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Buffy The Vampire Slayer: The Book Of Fours
Nancy Holder
Pocket paperback £5.99

review by Cristopher Hennessey-DeRose

Nancy Holder's latest foray into the world of Buffy The Vampire Slayer concerns extreme events the characters experienced during the TV show's third season. In the story, Sunnydale is being assaulted by extreme forces of nature such as flood, fire, and earthquake whilst four paranormal entities wielding strange axes geared to killing specific Slayers manifest themselves in town. They are the Wanderers, who have been ordered by a powerful sorceress who plans to feed the essences of the Slayers to the being she serves, the Gatherer who will then unleash unholy forces upon the world. It is up to vampire slayers Buffy and Faith, and their friends, to find a way to stop this from coming to pass.
   It is necessary for the Slayers to call upon the spirits of two dead Slayers, Kendra (whom we met in the course of the series) and India, whom we've never seen before and is also the Slayer that immediately came before Buffy. Familiar characters like Willow, Xander, Cordelia, and Giles all turn up to provide whatever help they can, with Giles providing his usual contacts with the Watcher's Council in order to get India's Watcher, Kit, on the scene and Xander is pretty much what he is on the show: a bit of cannon fodder, which is a shame since his character is overshadowed by the fact that both Willow and Cordelia give their bodies over to India and Kendra, respectively, in order for the two living Slayers to have the power required to defeat the Gatherer.
   In the climactic battle, Buffy watches as her schoolmates powered by the Slayer-spirits fall under the might of the Gatherer while a terribly wounded Faith continues to fight by her side. For a stirring conclusion, when all is hopeless, the spirits of all the Slayers to come before Buffy and Faith come into being, ascending an astral stairway to join the battle that threatens the entirety of this plane of existence, coming to defeat the enemy that has caused them to transcend the afterlife.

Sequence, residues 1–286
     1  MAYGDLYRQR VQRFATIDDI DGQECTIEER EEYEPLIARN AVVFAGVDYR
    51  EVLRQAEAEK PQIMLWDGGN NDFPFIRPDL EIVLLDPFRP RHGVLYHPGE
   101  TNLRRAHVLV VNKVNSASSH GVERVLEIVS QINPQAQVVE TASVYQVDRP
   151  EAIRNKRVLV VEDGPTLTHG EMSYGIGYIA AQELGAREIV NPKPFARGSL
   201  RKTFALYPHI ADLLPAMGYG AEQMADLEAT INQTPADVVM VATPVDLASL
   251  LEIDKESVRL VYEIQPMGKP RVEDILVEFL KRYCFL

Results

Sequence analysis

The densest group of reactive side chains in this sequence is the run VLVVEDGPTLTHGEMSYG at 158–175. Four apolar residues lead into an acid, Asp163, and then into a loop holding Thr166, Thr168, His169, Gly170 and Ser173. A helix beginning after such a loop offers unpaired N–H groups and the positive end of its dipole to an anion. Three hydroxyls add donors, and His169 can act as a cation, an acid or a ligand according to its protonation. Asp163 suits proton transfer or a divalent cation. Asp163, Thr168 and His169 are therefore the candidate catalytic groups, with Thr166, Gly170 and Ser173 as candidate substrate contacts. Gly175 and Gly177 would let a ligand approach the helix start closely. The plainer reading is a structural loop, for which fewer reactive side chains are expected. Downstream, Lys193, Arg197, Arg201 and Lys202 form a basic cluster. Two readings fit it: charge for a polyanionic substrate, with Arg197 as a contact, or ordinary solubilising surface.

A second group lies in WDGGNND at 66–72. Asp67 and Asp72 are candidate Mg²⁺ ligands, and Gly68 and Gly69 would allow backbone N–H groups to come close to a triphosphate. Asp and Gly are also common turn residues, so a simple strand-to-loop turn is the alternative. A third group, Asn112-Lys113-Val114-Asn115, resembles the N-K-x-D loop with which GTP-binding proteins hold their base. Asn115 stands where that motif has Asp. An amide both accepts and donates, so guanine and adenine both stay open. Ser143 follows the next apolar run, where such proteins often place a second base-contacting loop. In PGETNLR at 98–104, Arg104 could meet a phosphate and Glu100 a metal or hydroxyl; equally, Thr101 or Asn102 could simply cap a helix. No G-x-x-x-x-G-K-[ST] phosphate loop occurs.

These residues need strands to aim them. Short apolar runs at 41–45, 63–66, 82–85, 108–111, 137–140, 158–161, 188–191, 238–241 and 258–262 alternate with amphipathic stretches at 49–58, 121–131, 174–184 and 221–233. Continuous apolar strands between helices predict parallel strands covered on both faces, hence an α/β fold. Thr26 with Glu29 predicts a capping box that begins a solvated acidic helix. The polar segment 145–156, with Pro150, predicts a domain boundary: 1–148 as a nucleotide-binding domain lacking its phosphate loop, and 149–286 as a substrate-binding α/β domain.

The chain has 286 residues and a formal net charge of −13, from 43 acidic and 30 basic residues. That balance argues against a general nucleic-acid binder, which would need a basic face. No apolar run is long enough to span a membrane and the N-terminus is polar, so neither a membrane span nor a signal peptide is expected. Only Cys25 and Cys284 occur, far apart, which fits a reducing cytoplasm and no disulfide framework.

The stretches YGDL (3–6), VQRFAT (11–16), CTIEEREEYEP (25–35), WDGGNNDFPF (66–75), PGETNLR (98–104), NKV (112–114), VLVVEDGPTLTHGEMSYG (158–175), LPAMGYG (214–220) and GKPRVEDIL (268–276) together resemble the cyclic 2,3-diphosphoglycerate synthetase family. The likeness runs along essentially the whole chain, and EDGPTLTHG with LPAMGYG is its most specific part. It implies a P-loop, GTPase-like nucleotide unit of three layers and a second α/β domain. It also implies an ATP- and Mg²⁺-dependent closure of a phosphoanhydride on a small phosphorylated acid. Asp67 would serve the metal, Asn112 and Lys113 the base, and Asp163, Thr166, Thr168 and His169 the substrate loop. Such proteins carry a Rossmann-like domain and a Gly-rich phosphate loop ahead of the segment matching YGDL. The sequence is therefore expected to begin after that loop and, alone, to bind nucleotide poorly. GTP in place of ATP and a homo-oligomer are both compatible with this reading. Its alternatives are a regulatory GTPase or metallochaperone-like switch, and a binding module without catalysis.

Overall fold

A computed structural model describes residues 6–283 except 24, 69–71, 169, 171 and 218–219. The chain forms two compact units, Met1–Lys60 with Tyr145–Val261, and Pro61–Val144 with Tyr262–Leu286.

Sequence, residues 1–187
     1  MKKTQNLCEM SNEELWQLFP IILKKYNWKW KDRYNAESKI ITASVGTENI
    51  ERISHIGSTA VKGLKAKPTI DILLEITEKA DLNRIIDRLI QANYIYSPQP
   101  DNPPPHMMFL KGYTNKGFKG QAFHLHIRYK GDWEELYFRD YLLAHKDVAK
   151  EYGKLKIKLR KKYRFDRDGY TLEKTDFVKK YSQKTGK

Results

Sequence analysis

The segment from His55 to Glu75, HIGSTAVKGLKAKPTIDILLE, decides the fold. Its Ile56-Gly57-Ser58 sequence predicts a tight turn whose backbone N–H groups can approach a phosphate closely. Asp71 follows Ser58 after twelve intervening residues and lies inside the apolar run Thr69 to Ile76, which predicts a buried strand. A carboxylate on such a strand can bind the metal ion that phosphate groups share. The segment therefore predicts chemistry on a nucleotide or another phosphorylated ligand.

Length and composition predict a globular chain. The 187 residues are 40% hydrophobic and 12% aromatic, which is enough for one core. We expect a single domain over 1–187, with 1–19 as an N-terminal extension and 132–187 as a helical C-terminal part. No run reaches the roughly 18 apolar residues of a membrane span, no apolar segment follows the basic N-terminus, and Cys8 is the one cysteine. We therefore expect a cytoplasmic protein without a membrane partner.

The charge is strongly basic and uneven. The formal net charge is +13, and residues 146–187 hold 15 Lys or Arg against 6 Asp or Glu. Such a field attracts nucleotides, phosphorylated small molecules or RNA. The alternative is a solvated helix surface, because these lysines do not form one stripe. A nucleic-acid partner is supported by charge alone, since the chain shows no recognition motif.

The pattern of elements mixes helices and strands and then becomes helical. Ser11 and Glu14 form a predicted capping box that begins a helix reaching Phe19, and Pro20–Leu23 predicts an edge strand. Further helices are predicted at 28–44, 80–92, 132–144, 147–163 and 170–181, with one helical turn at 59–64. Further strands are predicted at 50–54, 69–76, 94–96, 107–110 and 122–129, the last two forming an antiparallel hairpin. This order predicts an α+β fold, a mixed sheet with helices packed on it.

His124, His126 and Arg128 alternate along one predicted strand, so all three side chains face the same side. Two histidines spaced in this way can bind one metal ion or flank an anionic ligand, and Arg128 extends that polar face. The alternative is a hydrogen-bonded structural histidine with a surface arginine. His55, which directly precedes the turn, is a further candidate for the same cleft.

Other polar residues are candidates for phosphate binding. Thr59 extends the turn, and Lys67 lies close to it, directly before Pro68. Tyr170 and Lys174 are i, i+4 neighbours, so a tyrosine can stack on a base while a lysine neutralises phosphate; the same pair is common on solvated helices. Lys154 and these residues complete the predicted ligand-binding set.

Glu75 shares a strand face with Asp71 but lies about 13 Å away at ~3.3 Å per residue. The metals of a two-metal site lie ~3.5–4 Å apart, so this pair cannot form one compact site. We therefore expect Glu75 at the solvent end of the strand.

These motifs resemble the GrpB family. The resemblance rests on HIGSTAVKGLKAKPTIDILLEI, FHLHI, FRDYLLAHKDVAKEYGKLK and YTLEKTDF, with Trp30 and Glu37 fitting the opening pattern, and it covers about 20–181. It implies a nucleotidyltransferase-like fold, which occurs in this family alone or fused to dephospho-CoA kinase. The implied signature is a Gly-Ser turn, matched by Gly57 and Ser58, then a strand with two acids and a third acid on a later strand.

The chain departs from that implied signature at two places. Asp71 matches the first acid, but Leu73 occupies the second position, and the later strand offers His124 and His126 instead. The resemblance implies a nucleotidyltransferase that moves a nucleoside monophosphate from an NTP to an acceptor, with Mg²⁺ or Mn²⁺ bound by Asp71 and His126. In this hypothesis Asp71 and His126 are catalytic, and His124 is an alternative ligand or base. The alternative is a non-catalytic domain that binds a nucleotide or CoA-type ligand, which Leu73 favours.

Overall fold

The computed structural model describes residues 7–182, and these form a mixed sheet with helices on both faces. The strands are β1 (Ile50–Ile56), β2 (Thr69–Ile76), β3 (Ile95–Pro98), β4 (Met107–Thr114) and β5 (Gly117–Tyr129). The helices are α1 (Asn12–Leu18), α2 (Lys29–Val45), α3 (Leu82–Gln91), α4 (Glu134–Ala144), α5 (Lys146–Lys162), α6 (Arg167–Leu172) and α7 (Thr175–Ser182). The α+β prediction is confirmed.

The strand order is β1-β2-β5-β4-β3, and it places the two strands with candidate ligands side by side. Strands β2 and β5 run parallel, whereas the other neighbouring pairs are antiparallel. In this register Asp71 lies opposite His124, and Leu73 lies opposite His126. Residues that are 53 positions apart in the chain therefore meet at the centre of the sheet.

There are two considerable potential liabilities to media tie-in novels; one is the reader thinking 'so-and-so wouldn't talk like that.' The other is placing the events of the book into an arc of the series the reader will not only enjoy re-living in clever pastiches scattered here and there throughout the body of the work, but also making the 'new' events work within the framework of the story it's based itself on. Nancy Holder excels in the first instance - Buffy herself puns, co-slayer Faith says whatever's on her mind at any given time, and all the other characters remain completely faithful to how they appear on TV. Even the charming awkwardness of witch-to-be Willow comes across when her dialogue isn't hindered by a walk-through of her convoluted thought process, which at times early in the book can be cumbersome to keep straight in one's head. Perhaps that was the point.
   In terms of fitting the occurrences within a given arc, Holder's work travels on unsteady ground. The goings-on of The Book Of Fours happen during the third season of the show, which I consider to be one of the strongest, if not the strongest of the six seasons the show has thus far enjoyed, which can work against the author of a tie-in novel.